How much engagement is your app driving? Snapchat’s $20 billion valuation was predicated on how important the app was to the daily lives of its users. Their “addicted” Millennial users were hyper-engaged. Around 2017 Snapchat had about 68 million daily active users and was getting over a billion launches every single day. Almost a decade later, TikTok is in a similar boat, but with a new generation of users. Young Zoomers are leading the charge, spending almost 2 hours a day on the app. Gen Z is estimated to account for more than 36% of all users, with 730 million monthly users—that’s more than 26 million actively engaged users.

While you’re still in the first startup stage, consider your engagement level a big factor in valuation. Most startups don’t obtain massive sales volume from the start, so they have to estimate what they think sales volume will be in the future. The best way to forecast future sales is current engagement. If people are spending a lot of time in your app and are coming back - it's a good sign they like your app. Even if they aren’t paying right now, there’s a high chance they will in the future.

An illustration of a woman in a browser window interacting with another woman outside of the frame.

Think about your experiences when paying for apps. If you download a free app and enjoy it, you’ll consider paying for in-app purchases. You wouldn’t make those purchases right when you download it because you’re not aware of the value it provides yet. Everybody thinks this way. Don’t expect massive sales before you have even shown value. When it comes to mobile startups the demographics of your user base also play into engagement一specifically age. Studies have shown that people of different ages have various needs that affect their usage and evaluation of apps.

Gen Z, sometimes called digital natives, are estimated to account for close to 40% of all mobile usage. If young adult users are your primary audience it's easier to get a higher valuation due to the direct link between engagement and potential profits. As apps continue to evolve we expect to see a continued emphasis on diversified revenue streams, ranging from in-app purchases to subscriptions that offer pro-level features, which could increase valuation amounts.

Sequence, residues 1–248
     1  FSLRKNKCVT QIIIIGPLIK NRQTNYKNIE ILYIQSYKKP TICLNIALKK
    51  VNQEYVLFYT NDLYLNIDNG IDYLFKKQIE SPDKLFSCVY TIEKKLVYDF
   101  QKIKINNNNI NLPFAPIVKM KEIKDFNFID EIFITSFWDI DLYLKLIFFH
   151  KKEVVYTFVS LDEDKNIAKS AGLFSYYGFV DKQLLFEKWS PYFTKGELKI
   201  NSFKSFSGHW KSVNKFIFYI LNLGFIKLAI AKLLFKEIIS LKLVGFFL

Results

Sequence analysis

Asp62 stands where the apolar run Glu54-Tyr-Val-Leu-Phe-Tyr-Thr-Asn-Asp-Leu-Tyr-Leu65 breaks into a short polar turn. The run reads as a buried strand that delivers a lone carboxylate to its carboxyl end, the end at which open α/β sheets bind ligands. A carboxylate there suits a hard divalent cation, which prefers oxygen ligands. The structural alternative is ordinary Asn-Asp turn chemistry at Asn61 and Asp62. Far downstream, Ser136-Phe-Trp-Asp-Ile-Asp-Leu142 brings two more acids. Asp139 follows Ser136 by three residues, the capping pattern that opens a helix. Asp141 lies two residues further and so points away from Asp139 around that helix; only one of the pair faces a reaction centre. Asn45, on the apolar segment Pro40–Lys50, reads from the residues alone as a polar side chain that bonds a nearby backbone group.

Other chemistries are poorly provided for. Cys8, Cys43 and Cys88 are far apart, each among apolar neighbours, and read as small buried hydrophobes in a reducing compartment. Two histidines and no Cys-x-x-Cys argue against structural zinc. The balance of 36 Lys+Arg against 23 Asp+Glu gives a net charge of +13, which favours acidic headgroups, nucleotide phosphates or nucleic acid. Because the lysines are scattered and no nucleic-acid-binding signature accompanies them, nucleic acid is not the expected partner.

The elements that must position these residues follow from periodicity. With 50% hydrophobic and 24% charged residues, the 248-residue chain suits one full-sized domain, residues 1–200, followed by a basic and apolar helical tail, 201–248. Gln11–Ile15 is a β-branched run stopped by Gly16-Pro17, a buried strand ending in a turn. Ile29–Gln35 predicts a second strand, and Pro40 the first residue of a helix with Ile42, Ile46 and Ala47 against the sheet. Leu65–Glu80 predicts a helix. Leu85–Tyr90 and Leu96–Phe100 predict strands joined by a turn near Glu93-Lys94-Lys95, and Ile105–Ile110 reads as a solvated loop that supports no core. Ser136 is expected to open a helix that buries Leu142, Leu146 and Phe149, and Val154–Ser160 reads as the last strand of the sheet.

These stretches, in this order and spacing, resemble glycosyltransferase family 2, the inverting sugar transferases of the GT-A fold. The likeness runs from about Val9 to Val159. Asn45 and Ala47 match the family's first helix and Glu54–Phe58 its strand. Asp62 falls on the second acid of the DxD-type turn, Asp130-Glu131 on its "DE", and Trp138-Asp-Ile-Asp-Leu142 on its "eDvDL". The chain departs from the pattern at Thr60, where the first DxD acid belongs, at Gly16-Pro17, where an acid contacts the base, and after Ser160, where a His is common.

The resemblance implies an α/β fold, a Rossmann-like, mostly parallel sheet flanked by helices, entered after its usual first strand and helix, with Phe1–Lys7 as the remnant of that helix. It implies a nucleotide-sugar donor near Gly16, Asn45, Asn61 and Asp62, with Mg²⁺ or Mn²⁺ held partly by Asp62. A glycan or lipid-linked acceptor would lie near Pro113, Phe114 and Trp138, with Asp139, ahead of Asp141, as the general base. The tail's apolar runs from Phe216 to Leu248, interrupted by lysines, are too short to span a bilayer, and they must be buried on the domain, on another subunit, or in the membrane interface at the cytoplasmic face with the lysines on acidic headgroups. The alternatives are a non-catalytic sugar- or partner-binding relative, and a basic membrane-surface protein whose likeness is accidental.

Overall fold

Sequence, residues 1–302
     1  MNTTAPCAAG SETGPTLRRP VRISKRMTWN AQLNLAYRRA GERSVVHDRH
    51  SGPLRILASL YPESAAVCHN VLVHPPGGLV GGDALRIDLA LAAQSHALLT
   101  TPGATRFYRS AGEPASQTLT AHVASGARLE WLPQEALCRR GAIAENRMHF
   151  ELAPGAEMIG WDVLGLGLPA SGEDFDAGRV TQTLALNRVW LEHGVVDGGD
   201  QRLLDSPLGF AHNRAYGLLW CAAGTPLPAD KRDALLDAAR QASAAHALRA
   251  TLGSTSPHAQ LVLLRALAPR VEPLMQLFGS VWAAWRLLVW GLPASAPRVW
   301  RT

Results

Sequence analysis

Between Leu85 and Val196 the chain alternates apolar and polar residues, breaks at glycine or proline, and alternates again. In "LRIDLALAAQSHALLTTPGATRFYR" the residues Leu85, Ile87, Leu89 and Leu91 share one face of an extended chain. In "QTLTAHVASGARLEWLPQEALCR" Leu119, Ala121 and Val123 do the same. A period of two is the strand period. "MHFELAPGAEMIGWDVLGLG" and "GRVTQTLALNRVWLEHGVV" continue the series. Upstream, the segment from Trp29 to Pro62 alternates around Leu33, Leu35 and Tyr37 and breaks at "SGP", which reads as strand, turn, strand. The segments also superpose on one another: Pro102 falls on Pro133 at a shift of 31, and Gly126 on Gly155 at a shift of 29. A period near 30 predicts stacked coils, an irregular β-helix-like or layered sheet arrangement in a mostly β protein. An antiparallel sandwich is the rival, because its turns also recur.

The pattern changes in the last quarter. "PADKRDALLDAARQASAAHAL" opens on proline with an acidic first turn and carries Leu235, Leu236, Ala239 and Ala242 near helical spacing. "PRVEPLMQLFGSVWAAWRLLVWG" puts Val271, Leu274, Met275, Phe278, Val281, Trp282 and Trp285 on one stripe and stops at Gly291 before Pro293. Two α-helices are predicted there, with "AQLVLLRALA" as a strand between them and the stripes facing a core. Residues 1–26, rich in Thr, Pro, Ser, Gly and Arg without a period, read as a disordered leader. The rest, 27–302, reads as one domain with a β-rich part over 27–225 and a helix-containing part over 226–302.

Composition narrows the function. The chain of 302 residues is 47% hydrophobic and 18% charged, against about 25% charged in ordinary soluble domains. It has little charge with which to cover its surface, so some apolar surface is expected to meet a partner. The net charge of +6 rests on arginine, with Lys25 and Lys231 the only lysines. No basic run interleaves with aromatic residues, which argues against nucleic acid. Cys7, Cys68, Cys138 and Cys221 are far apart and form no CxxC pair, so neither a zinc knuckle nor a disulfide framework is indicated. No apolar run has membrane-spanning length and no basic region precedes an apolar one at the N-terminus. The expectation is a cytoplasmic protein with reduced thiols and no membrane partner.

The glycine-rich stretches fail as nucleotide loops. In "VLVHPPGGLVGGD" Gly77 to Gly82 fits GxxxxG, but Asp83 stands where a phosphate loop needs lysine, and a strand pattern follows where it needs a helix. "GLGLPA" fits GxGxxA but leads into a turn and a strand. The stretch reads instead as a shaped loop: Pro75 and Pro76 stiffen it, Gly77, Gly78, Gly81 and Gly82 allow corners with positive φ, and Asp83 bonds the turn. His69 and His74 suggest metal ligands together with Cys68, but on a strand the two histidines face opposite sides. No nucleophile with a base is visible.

Churn rate

How long are people using your app until they stop using it? Investors will be keeping a close look at your churn rate, because if people are dropping off after a few days or weeks, your app does not have a product-market fit, and therefore would not be worth investing in.

There is no “ideal churn rate” because once again, every app and industry is different, but you should always aim to reduce churn as much as possible. It’s cheaper to retain an existing customer than acquire a new one. On the other hand, if your retention rate exceeds industry baselines, you can expect a higher valuation. According to Upland, average retention rates hover just above 25% and drop to close to 5% over 30 days.

How to calculate churn rate

Churn Rate = (1 - Retention rate)

You can find your retention rate in Google Analytics or iTunes Connect by going to the cohort analysis or retention section. It should look similar to the graph below, but may also be visualized as a cohort retention chart. In our example: after 12 weeks the average retention rate seems to be slightly over 25%, meaning after 12 weeks, there is a churn rate of around (1 - 0.25) or 75%. 

Example of 12 week retention graph, visualized with as a line graph

Other startup valuation formulas

This article was updated on January 26th, 2023 to provide up-to-date information, reflect current market trends, and outline revised best practices. Additional contributions and editing by JD Post.